Although the importance of National Signing Day has been greatly diminished by the new early signing period, most schools wrapped up their recruiting classes Wednesday by adding another player or two to the group they signed in December.
As usual, the Alabamas, Ohio States, Clemsons and Georgias dominated the rankings compiled by the major recruiting websites. As usual, the University of Wisconsin’s haul was ranked in the low 30s nationally and near the middle in the Big Ten Conference. And as usual, no one who follows the Badgers should care one bit about the rankings.
No, the rankings aren’t totally bogus. They do identify many of the elite prospects in terms of size and athleticism and they usually are reflected in the programs that contend for national titles. But they are educated guesses at best, something that should be used as a guideline, not a bible, in predicting future success.
Year in and year out, the Badgers are the prime example of the lack of accuracy in the rankings.
UW has a 101-34 record in the past 10 seasons, which is tied with Florida State for fifth behind Alabama, Ohio State, Oklahoma and Clemson among power-five conference programs. Those other schools routinely finish in the top 10 in the recruiting rankings. This year, UW was ranked 37th by Rivals, 39th by ESPN and 43nd by 247sports — right about its average.
Yet, the same UW program finished in the Top 25 rankings in 13 of the past 14 seasons, including five times in the top 10. And it reached five of the seven Big Ten championship games.
There are only two possible explanations for that disparity: Either UW knows something about player development that no one else knows or the recruiting rankings just don’t mean much. No offense to UW’s coaches, but I’m going with the latter.
That doesn’t diminish UW’s long-standing reliance on player development. But while the coaches are good at identifying prospects who have the desire to improve and then developing them as players, they’re not that good. There has to be something more to explain how UW routinely takes 3-star athletes and turns them into All-Big Ten players and NFL draft picks.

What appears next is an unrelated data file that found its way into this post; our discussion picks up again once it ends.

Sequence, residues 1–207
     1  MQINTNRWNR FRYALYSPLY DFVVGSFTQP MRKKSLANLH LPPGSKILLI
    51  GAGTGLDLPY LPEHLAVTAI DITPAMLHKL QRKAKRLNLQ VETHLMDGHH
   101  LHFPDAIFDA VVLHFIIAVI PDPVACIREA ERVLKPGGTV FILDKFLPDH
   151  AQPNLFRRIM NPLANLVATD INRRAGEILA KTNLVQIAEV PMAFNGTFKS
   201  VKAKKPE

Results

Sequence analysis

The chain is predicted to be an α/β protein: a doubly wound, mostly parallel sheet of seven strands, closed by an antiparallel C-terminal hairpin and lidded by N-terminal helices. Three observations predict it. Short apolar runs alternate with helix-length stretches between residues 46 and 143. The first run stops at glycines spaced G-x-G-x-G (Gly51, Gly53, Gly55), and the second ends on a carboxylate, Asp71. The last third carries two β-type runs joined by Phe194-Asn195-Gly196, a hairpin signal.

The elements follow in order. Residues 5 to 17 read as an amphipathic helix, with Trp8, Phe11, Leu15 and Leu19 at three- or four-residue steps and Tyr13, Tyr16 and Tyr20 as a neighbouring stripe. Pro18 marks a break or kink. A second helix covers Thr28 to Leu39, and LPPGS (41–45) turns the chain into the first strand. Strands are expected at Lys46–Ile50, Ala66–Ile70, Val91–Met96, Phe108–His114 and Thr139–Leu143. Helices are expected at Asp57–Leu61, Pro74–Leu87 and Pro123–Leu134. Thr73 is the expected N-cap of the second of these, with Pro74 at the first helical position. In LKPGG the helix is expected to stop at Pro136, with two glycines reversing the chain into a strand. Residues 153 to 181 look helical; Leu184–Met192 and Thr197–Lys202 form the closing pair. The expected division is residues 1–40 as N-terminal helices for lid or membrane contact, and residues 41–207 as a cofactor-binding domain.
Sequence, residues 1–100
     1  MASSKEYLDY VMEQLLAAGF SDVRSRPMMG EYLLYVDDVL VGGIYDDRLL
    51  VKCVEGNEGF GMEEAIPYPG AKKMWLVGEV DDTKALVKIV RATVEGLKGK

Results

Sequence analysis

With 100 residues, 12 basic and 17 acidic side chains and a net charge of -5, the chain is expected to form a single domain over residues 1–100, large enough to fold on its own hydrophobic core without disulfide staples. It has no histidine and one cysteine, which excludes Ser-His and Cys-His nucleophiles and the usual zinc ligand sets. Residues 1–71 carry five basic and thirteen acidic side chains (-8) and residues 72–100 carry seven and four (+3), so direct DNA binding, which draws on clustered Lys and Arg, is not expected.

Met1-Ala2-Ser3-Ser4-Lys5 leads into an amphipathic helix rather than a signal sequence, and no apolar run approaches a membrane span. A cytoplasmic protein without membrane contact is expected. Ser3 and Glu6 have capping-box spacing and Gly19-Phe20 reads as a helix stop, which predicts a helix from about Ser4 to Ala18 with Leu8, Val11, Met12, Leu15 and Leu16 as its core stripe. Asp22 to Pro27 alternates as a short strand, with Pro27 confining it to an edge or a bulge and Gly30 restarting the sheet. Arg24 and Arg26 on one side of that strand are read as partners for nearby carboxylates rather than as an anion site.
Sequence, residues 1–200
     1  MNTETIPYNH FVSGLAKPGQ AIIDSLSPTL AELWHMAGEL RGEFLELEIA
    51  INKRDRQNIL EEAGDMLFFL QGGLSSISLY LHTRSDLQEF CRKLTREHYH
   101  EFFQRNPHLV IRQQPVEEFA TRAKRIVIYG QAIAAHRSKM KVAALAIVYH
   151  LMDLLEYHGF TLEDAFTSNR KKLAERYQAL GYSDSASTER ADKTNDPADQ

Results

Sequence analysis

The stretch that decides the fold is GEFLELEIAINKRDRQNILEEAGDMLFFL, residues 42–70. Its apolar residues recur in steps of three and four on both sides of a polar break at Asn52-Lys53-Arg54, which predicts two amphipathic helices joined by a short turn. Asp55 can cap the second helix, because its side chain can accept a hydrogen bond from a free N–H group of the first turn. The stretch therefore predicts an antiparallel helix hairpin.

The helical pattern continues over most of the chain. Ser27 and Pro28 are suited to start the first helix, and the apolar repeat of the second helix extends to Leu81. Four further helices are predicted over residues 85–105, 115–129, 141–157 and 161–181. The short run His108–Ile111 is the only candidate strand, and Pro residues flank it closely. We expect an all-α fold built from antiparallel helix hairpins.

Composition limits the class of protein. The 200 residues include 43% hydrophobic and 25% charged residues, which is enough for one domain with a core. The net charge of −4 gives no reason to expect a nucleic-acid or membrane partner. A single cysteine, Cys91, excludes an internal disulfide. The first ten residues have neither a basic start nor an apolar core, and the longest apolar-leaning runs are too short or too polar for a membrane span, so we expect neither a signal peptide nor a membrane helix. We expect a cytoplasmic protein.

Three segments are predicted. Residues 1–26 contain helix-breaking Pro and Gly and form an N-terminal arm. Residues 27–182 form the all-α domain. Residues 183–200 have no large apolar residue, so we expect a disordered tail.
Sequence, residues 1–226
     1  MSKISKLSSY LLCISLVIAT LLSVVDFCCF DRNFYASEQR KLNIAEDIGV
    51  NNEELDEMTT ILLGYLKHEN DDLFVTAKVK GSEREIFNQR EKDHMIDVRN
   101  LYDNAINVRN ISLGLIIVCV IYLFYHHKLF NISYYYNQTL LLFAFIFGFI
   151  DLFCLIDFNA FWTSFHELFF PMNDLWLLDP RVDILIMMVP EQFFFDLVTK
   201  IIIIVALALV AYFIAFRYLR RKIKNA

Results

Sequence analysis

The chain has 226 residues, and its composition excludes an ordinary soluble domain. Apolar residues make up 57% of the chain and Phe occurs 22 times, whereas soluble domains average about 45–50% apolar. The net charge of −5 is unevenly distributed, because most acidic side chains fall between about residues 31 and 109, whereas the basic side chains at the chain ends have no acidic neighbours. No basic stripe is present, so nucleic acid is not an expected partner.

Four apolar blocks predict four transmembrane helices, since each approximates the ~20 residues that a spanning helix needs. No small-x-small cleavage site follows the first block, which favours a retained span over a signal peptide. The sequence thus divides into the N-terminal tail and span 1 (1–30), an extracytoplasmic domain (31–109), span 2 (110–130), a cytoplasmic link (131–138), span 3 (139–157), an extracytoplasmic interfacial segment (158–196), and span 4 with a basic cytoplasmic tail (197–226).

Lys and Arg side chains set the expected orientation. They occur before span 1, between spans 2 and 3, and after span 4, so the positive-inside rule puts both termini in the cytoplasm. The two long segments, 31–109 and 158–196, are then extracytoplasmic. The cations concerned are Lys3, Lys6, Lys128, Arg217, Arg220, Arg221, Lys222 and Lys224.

The answer, of course, is UW is recruiting players who are better prospects than anyone thinks. Fault the recruiting websites for that because high school players from Wisconsin — along with many upper Midwest states — are chronically underrated by the scouting gurus.
The best example is J.J. Watt, a three-time NFL defensive player of the year for the Houston Texans. At Pewaukee, Watt was universally regarded as a 2-star recruit. One website had him as the 1,320th-best senior in the nation.
Another example is Cleveland Browns linebacker Joe Schobert, who was unranked by any of the websites coming out of Waukesha West and walked on at UW. Schobert tied for the NFL lead in tackles this season.
Even Browns offensive tackle Joe Thomas, a certain Hall of Famer, was underrated at Brookfield Central. He was only a 4-star prospect even though he was 6-foot-7 and 270 pounds, was the state defensive player of the year in football, led the Lancers to the state basketball tournament three straight years and won state titles in the shot put and discus. Had Thomas grown up in the south or far west, he would have been a top-10 player in the nation.
Since Thomas was picked third in the 2007 NFL draft, seven other Badgers have been taken in the first round (all from Wisconsin): Watt and Gabe Carimi (Monona Grove) in 2011, Kevin Zeitler (Wisconsin Lutheran) in 2012, Travis Frederick (Walworth Big Foot) in 2013, Melvin Gordon (Kenosha Bradford) in 2015 and Ryan Ramczyk (Stevens Point) and T.J. Watt (Pewaukee) in 2017. Of the seven, only Gordon received a 4-star rating, and that was by just two of the four websites that did rankings back then. The rest were 3-stars except for Ramczyk, who wasn’t ranked at all.
The only conclusion one can draw is the recruiting websites are failing the players from Wisconsin and the surrounding states.
To be fair, there are valid reasons for that. It’s hard to judge football players because they don’t play many games and the quality of their opposition is often suspect. More important, the job of accurately ranking thousands of high school prospects is next to impossible, so websites concentrate their limited resources on recruiting hotbeds such as California, Texas, Florida, Georgia and Ohio. That means players from Wisconsin and elsewhere get lost in the shuffle. They’re off the beaten path and they pay for it.
The inability of the websites to cover every area of the nation is understandable, but it usually means they lack first-hand knowledge on most recruits. That’s one reason you’ll see a recruit’s rating immediately jump up when one of the big-name schools offers him a scholarship.
There is some truth to the notion that with no spring practice in high school, northern players are late-bloomers who have more room for development. But that just supports my rule of thumb, which is that you can automatically add a half-star to a star to any recruit from Wisconsin or the upper Midwest.
That’s why this UW class, like many before it, will be better than its ranking.